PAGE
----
Editor's Rating

With both feet still securely planted in the sound of his first two albums, Talking With the Taxman About Poetry pointed to where the future lied, and great albums like Workers Playtime and beyond.

8

Life’s a Riot With Spy vs. Spy and Brewing Up With Billy Bragg had found Billy Bragg marking out a sonic territory that was a million miles away from the synthetic sounds and plastic production methods that so much 80s music had been blighted with. Having already established his twin songwriting themes of social commentary and loverlorn ballads, Talking With the Taxman About Poetry is the album on which Bragg proved that he had more to offer than the brilliance of his first two releases, and that he was aware that, for his career to continue to thrive, he needed to evolve.

With both feet still securely planted in the sound of his first two albums, Talking With the Taxman About Poetry pointed to where the future lied, and great albums like Workers Playtime and beyond. Enlisting the help of good friends like Johnny Marr and Kirsty MacColl to thicken the sonic textures, and indulging in a bit of brass by way of Dave Woodhead’s trumpet and flugelhorn playing demonstrated that Bragg could offer the listener a lot more than his immeadiately recognisable vocals, clattering telecaster and his already well established songwriting genius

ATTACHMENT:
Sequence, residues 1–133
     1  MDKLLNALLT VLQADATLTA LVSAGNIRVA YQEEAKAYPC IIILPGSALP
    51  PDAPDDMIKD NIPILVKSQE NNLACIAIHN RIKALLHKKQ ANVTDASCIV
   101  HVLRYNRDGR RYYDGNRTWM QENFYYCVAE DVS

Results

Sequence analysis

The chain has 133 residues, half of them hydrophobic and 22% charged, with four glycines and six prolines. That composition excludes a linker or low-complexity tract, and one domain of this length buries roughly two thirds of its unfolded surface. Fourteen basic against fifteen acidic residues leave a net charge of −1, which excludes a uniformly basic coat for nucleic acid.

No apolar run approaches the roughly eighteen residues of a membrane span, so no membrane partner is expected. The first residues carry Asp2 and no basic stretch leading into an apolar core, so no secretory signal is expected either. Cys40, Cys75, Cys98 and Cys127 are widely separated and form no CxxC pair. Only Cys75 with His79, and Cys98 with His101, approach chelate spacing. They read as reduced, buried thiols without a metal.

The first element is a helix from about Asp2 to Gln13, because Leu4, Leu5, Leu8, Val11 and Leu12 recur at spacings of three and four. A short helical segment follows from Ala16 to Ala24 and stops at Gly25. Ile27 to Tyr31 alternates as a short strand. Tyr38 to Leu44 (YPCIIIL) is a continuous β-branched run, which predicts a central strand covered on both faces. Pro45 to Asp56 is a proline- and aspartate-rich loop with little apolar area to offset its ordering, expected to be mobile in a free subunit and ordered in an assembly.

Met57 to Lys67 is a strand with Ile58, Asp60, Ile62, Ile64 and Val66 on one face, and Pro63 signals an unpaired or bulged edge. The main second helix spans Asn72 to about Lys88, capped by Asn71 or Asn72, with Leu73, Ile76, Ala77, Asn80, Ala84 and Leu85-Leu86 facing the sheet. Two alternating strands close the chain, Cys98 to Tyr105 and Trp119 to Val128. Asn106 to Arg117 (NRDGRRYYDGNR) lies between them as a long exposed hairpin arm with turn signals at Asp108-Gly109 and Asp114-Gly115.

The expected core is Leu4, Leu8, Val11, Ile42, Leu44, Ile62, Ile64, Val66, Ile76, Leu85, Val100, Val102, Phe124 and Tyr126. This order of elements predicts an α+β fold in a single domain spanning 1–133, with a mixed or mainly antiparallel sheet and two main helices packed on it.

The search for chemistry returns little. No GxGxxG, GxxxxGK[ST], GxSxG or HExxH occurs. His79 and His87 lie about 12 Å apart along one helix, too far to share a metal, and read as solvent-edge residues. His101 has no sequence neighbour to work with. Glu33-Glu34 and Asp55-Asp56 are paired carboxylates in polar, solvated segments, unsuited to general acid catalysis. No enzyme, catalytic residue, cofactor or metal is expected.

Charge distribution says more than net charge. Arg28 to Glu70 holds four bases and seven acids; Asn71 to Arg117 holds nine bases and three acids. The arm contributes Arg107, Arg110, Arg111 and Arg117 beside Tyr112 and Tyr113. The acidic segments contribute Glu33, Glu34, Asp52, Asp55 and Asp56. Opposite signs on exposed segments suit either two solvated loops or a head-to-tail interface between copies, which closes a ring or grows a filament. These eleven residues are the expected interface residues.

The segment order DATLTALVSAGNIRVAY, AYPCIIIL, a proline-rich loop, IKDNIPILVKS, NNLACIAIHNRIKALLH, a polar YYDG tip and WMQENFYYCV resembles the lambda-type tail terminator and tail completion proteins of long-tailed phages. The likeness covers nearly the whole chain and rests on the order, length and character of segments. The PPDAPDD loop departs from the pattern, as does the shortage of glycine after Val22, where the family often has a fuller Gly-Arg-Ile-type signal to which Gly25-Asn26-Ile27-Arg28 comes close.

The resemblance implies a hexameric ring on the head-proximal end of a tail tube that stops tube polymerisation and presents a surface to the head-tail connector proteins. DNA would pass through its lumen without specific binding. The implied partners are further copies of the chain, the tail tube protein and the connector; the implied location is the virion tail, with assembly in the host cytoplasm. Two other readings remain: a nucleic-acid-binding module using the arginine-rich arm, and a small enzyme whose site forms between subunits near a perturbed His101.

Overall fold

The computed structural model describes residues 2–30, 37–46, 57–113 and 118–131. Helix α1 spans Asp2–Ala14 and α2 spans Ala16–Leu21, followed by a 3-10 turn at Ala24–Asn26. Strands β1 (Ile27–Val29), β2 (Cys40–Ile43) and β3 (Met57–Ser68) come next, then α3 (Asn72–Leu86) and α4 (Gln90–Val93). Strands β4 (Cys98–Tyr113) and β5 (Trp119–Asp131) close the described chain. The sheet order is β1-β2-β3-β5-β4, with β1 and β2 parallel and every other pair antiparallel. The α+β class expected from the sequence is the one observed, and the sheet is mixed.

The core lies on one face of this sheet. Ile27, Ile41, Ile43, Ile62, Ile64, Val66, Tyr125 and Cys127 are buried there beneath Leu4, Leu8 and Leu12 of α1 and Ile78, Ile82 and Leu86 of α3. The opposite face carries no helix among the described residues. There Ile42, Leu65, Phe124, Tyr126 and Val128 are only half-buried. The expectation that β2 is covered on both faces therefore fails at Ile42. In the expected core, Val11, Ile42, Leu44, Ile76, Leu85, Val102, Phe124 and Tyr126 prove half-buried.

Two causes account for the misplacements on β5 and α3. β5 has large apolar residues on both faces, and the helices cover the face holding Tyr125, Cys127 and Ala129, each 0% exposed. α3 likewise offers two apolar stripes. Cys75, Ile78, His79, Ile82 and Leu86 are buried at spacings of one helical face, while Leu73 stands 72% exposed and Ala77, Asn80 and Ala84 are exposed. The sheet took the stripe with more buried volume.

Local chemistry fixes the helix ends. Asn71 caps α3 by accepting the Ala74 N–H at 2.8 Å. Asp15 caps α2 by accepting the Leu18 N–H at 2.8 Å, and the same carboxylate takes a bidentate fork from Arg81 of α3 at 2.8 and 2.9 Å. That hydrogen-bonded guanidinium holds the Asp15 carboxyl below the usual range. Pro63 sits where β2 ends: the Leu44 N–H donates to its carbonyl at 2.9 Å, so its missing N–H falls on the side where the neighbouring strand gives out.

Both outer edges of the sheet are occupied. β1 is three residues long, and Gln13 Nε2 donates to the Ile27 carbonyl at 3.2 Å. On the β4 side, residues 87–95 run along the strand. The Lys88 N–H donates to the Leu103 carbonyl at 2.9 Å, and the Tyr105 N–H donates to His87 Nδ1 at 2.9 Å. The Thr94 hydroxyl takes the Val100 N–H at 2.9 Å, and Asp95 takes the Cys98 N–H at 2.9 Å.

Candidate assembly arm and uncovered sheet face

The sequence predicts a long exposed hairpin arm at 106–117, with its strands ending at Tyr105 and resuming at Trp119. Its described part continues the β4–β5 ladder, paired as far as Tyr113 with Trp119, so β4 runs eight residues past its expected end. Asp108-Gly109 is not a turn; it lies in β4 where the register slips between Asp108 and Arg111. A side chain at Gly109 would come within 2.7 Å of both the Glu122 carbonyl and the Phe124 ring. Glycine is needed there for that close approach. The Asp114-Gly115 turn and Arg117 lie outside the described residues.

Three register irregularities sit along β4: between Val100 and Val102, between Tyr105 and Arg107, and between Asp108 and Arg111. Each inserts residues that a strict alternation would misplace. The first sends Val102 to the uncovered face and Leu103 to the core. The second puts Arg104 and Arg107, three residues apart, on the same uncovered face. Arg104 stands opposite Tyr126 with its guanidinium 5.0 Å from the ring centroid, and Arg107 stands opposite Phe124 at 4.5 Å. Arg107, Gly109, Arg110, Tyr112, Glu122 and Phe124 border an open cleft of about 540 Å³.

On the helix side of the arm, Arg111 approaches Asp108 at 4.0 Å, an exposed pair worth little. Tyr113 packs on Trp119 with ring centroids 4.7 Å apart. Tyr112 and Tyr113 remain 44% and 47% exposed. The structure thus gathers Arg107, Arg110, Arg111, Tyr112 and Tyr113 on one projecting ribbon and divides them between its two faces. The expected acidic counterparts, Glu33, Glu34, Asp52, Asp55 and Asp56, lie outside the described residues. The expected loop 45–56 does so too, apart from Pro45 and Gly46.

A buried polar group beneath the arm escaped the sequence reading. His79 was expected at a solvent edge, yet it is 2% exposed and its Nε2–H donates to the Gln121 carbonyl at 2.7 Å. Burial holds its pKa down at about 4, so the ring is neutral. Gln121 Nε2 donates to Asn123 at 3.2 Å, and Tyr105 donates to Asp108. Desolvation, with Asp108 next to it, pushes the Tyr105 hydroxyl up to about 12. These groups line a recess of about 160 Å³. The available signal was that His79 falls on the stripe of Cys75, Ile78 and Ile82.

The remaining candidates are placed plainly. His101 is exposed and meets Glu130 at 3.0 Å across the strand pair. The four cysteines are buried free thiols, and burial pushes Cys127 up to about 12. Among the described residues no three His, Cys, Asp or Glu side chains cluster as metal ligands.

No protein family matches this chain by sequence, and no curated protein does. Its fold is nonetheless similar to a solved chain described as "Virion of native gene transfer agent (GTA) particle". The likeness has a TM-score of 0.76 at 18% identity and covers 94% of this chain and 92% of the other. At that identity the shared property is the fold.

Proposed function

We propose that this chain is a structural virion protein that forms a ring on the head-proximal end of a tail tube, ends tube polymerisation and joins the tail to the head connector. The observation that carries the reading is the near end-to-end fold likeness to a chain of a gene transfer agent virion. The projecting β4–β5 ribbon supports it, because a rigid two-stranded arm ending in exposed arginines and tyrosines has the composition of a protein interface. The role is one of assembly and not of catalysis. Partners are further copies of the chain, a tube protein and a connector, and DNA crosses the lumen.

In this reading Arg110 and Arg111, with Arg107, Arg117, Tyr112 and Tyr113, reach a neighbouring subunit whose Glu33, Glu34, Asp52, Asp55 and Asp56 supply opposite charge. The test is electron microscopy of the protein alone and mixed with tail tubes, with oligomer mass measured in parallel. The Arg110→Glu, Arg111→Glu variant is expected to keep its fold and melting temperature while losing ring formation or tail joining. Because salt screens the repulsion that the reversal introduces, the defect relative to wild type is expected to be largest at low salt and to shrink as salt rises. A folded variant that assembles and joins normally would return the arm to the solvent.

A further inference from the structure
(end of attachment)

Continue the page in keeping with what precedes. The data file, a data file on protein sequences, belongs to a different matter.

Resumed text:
Lyrics wise, Bragg was at the top of his game, with “Greetings to the New Brunette” deserving to be a far bigger hit that it was, despite no doubt annoying everyone called Shirley now between the ages of 40 and 55, and “Levi Stubbs’ Tears” being one of the most heart-wrenching songs by anyone, ever. Beyond these two Billy Bragg standards, “The Marriage” is one of his finest ‘relationship’ songs and “Ideology” finds him atop his political soapbox for all the right reasons, and if his political beliefs were left in any doubt, his version of the traditional “There is Power in a Union” may very well be definitive. Elsewhere, “Help Save the Youth of America”, got under the collective skin of exactly the people it was intended to get under the collective skin of. It’s this habit of knowing exactly what buttons to press at any given time which has ensured that Bragg continues to be one of our most vital songwriters, why he will always be held in such high regard, and why he is still approached for political soundbites whenever the left leaning among us need a voice on the television.

If you’re a Billy Bragg fan, then Talking With the Taxman About Poetry is among his most vital releases, if however, you’re not a fan, then there’s little to change your mind here, as it’s one of the most perfect distillations of what has made him such a unique songwriter and musician down the decades, as well as one of the musicians I’d most like to have a pint and a chat with.

Nice one Mr Bragg.